5. When the task count reaches zero, shut down the cell by running this command:cell-management-tool -u username -p password cell -s

About Brian Suhr

Brian is a VCDX5-DCV and a Sr. Tech Marketing Engineer at Nutanix and owner of this website. He is active in the VMware community and helps lead the Chicago VMUG group. Specializing in VDI and Cloud project designs. Awarded VMware vExpert status 6 years for 2016 - 2011. VCP3, VCP5, VCP5-Iaas, VCP-Cloud, VCAP-DTD, VCAP5-DCD, VCAP5-DCA, VCA-DT, VCP5-DT, Cisco UCS Design

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How to upgrade to VMFS 5 on VMware and VMFS 5 facts

I wrote this last year but never published, working on clearing out some old posts. Along with the long list of other features added to vSphere 5, VMware has included a new version of VMFS. The upgrade in VMFS brings us to version 5 of the file system.

The main focus of VMware while creating VMFS seems to be making it easier to manage storage in virtual environments. In VMFS-5 the number of storage related objects that need to be managed by an VMware administrator are far less. For example you can now use larger and fewer datastores, because the scaling limits of VMFS-5 have been increased.

 

VMFS-5 New Features

  • Unified 1MB File Block Size. Past versions of VMFS used 1,2,4 or 8MB file blocks. The larger block sizes would allow you to create files larger than 256GB. There is now just one block size in VMFS-5 allowing you to create up to 2TB VMDK files using the 1MB file blocks.
  • Larger Datastores. In previous versions of VMFS, the largest datastore size without extents was 2TB-512 bytes. With VMFS-5 this limit has been increased to 64TB.
  • Smaller Sub-Block. VMFS-5 introduces a smaller sub-block. The new size is now 8KB rather than the old 64KB size from previous versions. Now a small file less than 8KB but larger than 1KB in size will only consume 8KB rather than 64KB. This will reduce the disk space being consumed by these small files.
  • Small File Support. Support for files less than or equal to 1KB, now use the file descriptor location in the metadata for storage rather than file blocks. If they grow above 1KB, these files will then start to use the new 8KB sub blocks. The net result is a reduction in space consumed by small files.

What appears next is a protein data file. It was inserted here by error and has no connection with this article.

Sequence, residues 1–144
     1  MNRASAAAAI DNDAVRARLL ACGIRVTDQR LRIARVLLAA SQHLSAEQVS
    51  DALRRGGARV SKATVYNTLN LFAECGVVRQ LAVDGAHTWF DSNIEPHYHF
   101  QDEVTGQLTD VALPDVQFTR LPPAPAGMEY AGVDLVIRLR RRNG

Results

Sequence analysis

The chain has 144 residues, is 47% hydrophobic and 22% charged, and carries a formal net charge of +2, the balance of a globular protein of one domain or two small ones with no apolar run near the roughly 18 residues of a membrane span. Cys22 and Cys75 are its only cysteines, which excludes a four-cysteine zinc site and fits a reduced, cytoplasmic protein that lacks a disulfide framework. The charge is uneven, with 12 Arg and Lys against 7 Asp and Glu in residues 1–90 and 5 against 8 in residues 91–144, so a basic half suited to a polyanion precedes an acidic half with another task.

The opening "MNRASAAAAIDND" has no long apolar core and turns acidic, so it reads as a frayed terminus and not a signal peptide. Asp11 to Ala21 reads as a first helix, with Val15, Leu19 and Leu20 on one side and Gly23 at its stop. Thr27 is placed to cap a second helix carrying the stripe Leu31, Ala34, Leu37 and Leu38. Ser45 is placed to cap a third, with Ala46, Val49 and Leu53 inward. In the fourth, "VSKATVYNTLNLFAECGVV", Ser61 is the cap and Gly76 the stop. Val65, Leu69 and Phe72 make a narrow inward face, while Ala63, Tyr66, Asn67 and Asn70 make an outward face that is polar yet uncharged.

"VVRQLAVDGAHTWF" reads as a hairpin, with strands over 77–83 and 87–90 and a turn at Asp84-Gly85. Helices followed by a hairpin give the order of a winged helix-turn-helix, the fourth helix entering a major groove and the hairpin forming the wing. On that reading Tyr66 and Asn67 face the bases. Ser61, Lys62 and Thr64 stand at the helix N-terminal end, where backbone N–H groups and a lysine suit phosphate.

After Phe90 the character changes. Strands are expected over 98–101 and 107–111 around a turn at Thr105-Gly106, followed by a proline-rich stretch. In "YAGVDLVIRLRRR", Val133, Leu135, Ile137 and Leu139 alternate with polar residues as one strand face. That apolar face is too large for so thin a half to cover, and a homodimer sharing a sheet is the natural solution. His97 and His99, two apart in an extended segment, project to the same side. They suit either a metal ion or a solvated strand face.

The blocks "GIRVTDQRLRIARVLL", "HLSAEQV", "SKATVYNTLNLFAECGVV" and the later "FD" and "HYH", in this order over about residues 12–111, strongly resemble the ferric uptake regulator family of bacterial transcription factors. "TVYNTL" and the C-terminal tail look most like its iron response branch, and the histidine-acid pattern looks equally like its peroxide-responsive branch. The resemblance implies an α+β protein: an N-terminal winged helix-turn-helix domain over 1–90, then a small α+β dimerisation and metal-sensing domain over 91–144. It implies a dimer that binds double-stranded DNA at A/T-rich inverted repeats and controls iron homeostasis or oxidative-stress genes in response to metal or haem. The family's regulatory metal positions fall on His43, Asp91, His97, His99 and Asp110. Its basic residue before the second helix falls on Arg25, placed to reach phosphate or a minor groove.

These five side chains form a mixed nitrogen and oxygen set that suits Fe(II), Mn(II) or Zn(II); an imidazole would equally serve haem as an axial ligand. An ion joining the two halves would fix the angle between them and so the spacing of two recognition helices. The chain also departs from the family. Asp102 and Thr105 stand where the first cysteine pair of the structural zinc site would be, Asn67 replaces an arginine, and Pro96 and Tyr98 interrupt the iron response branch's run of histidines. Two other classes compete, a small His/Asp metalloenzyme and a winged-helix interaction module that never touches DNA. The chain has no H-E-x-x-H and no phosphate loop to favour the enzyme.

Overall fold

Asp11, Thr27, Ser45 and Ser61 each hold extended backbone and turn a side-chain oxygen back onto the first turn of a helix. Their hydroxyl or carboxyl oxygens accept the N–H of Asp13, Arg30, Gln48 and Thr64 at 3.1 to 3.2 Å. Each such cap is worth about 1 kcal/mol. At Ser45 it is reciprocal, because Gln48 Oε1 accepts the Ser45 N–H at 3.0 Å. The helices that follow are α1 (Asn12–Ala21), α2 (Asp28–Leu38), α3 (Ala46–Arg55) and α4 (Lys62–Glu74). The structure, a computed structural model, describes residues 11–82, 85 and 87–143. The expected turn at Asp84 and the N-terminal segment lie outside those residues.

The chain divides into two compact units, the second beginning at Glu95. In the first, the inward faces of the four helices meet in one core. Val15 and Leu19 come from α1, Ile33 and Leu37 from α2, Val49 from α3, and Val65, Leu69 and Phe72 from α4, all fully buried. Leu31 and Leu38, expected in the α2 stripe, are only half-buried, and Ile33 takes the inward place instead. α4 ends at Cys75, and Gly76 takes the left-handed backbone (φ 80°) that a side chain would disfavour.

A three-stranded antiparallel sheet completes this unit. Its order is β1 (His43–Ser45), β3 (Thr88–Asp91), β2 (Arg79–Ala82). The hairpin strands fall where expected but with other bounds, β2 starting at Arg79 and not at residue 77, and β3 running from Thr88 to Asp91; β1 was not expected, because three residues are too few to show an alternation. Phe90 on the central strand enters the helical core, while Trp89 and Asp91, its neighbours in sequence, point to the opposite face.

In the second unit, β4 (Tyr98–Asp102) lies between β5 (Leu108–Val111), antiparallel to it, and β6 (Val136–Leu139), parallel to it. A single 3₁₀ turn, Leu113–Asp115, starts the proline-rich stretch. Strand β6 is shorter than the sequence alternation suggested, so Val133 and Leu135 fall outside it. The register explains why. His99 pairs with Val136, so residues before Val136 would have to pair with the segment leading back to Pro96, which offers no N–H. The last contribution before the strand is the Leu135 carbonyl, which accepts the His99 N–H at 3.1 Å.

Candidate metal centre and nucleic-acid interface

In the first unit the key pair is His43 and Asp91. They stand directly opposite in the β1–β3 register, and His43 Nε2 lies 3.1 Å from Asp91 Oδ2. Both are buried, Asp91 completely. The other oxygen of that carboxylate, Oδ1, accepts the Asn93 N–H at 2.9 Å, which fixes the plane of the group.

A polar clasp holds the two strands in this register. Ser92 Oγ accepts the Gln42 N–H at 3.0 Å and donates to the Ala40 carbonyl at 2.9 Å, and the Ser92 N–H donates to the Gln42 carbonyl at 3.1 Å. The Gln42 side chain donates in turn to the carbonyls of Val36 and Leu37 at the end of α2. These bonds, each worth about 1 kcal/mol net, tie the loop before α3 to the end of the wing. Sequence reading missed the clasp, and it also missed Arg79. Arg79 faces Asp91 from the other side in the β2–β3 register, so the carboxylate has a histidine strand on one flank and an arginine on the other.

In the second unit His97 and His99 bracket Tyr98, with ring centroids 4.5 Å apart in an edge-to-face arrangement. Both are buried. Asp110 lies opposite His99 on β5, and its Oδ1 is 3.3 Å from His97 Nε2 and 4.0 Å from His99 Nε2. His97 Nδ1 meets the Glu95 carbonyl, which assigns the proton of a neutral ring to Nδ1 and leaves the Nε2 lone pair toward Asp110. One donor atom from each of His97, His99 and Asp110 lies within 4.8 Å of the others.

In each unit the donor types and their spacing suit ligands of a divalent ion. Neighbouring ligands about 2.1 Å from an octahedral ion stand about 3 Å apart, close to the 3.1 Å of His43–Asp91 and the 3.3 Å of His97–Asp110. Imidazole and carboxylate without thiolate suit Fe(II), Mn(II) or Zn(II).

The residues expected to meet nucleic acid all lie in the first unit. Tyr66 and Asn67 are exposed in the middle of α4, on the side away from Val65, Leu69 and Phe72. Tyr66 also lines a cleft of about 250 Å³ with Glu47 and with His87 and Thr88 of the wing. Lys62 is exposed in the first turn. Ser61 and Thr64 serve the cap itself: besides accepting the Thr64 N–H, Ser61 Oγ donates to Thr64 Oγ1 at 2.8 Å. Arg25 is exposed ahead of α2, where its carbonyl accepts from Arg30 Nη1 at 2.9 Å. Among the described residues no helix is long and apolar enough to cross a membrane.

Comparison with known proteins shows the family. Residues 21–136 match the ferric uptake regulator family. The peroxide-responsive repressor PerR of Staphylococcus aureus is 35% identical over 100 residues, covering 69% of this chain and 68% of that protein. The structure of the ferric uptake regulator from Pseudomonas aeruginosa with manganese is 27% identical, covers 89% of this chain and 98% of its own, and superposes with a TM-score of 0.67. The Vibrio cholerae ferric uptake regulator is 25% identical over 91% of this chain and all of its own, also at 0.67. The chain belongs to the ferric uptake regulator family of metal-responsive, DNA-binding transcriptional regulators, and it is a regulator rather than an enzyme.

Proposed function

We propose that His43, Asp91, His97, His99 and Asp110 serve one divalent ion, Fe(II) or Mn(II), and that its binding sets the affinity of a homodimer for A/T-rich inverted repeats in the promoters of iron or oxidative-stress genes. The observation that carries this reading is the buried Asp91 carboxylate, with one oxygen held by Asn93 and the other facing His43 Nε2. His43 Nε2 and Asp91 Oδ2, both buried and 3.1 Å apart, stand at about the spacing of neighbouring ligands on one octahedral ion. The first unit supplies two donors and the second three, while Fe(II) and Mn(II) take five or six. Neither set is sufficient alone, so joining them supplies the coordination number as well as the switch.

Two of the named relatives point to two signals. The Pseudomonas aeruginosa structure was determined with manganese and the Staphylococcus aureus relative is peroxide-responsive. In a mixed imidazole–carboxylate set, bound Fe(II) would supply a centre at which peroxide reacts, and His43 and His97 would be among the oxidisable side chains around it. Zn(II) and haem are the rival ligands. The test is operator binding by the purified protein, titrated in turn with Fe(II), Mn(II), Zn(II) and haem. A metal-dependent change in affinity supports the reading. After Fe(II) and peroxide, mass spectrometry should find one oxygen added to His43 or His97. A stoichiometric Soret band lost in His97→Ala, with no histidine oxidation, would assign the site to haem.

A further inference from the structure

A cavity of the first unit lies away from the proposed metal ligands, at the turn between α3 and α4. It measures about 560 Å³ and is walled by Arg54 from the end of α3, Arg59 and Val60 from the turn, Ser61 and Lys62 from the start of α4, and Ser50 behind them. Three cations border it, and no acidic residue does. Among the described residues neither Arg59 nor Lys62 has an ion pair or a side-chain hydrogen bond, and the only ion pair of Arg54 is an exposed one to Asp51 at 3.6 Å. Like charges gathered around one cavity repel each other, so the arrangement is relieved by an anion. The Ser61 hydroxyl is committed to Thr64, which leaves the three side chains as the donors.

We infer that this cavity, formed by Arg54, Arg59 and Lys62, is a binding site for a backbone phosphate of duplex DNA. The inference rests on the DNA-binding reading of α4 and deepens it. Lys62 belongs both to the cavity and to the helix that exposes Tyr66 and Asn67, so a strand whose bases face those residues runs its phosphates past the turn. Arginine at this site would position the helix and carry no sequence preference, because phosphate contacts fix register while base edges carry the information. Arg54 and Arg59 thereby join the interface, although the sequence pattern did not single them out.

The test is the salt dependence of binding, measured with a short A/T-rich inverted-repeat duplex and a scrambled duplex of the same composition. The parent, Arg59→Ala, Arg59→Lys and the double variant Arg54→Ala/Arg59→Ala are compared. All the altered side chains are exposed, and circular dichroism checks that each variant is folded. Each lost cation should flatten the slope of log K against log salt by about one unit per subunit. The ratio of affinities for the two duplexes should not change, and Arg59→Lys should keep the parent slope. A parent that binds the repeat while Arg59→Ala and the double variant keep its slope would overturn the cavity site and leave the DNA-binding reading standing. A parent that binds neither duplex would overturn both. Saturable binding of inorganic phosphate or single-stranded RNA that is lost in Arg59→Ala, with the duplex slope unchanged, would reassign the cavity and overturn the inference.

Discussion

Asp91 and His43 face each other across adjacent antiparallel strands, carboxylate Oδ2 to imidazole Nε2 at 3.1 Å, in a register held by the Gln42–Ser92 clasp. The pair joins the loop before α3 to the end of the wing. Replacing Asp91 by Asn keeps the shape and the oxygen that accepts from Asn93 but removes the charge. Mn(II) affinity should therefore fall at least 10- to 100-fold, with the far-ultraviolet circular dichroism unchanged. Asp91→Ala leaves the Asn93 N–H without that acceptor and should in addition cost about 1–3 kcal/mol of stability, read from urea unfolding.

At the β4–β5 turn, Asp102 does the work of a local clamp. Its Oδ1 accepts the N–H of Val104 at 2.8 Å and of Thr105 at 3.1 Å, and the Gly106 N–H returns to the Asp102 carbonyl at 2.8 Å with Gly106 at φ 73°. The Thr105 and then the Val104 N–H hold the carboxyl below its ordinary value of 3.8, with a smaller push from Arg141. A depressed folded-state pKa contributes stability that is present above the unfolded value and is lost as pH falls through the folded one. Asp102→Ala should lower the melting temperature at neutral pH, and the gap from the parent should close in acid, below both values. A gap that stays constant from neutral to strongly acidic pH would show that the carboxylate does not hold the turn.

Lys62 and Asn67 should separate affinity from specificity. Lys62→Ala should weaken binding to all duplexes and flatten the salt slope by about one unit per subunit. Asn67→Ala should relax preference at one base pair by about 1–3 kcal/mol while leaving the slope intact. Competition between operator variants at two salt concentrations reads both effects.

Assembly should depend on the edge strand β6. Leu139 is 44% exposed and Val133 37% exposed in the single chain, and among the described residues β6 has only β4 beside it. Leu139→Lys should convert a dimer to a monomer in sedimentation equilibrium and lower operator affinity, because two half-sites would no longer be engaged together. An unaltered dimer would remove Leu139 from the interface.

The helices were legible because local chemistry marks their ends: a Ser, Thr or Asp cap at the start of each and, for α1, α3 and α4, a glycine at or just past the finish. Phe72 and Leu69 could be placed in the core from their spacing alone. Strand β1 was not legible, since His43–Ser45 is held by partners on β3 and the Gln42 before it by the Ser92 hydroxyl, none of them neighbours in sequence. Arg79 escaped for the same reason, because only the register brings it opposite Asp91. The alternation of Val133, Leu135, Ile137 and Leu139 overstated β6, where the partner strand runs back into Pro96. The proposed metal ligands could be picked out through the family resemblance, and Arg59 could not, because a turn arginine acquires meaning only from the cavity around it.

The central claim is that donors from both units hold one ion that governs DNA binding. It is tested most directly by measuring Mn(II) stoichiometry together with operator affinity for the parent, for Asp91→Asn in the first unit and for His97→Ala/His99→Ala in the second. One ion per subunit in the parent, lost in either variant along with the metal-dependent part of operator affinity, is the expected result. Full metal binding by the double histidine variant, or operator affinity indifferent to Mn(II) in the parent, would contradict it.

• Increased File Count. VMFS-5 now allows support for more than 100,000 files. In VMFS-3 the limit was 30,000 files.
  • ATS Enhancement. ATS is now used all through VMFS-5 for file locking. ATS (Atomic Test & Set) is a Hardware Acceleration primitive, and is part of the VAAI (vSphere Storage APIs for Array Integration). This improves the file locking performance over previous versions of VMFS.

About Brian Suhr

Brian is a VCDX5-DCV and a Sr. Tech Marketing Engineer at Nutanix and owner of this website. He is active in the VMware community and helps lead the Chicago VMUG group. Specializing in VDI and Cloud project designs. Awarded VMware vExpert status 6 years for 2016 - 2011. VCP3, VCP5, VCP5-Iaas, VCP-Cloud, VCAP-DTD, VCAP5-DCD, VCAP5-DCA, VCA-DT, VCP5-DT, Cisco UCS Design

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vSphere ESXi 5 upgrade or install how to steps

This something that I wrote last year during the vSphere 5.0 beta and I had intended on using it with another project. After holding it for a longtime I finally decided to publish it here. There will be some other related content coming soon.

With the release of vSphere 5, VMware has entered the era of ESXi only hypervisors. This has been promised by VMware for the last couple of years, so it should be of no surprise to anyone. The ESXi platform has under gone a big coming of age journey since its first release. With each new version and update the ESXi platform has narrowed the feature gap that had previously existed with its brother ESX classic.

With this release VMware’s type 1 hypervisor has entered its fifth generation and in this book we are going to assume that you have a base level of experience. We will not be holding your hand showing each step of a base installation. We will be talking about topics that concern admins on important projects, daily tasks and showing you how to accomplish some of the new features in vSphere 5.

Upgrade considerations and dependencies

With any VMware related upgrade there are numerous items that should be considered when planning to move to the next release. Whether you’re going to be upgrading using existing hardware or purchasing new servers. You need to spend the time to examine the parts of your servers and validate they are supported by the release of vSphere that you plan on using. This can be done by using the VMware HCG or Hardware Compatibility Guide also commonly referred to as the HCL.

The release of vSphere 5 offers most of the same paths for upgrading, but also offers some not possible in the past. To make this easy to digest we have created Figure 1.0 that covers the upgrade paths and if they are possible with ESXi 5. Each of these methods will be expanded upon within the sections of this chapter.

About Brian Suhr

Brian is a VCDX5-DCV and a Sr. Tech Marketing Engineer at Nutanix and owner of this website. He is active in the VMware community and helps lead the Chicago VMUG group. Specializing in VDI and Cloud project designs. Awarded VMware vExpert status 6 years for 2016 - 2011. VCP3, VCP5, VCP5-Iaas, VCP-Cloud, VCAP-DTD, VCAP5-DCD, VCAP5-DCA, VCA-DT, VCP5-DT, Cisco UCS Design